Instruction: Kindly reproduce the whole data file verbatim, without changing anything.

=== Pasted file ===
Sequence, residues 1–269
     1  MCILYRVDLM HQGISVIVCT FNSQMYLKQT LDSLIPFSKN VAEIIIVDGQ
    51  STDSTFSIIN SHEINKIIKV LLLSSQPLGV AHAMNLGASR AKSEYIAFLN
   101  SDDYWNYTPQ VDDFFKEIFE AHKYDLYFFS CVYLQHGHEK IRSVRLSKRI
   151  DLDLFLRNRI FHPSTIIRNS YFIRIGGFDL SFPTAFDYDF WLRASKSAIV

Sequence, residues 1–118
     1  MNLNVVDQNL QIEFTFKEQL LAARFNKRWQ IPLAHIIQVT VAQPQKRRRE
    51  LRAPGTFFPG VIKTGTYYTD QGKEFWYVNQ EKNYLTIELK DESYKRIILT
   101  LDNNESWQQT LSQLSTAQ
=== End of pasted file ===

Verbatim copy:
Sequence, residues 1–269
     1  MCILYRVDLM HQGISVIVCT FNSQMYLKQT LDSLIPFSKN VAEIIIVDGQ
    51  STDSTFSIIN SHEINKIIKV LLLSSQPLGV AHAMNLGASR AKSEYIAFLN
   101  SDDYWNYTPQ VDDFFKEIFE AHKYDLYFFS CVYLQHGHEK IRSVRLSKRI
   151  DLDLFLRNRI FHPSTIIRNS YFIRIGGFDL SFPTAFDYDF WLRASKSAIV

Sequence, residues 1–118
     1  MNLNVVDQNL QIEFTFKEQL LAARFNKRWQ IPLAHIIQVT VAQPQKRRRE
    51  LRAPGTFFPG VIKTGTYYTD QGKEFWYVNQ EKNYLTIELK DESYKRIILT
   101  LDNNESWQQT LSQLSTAQ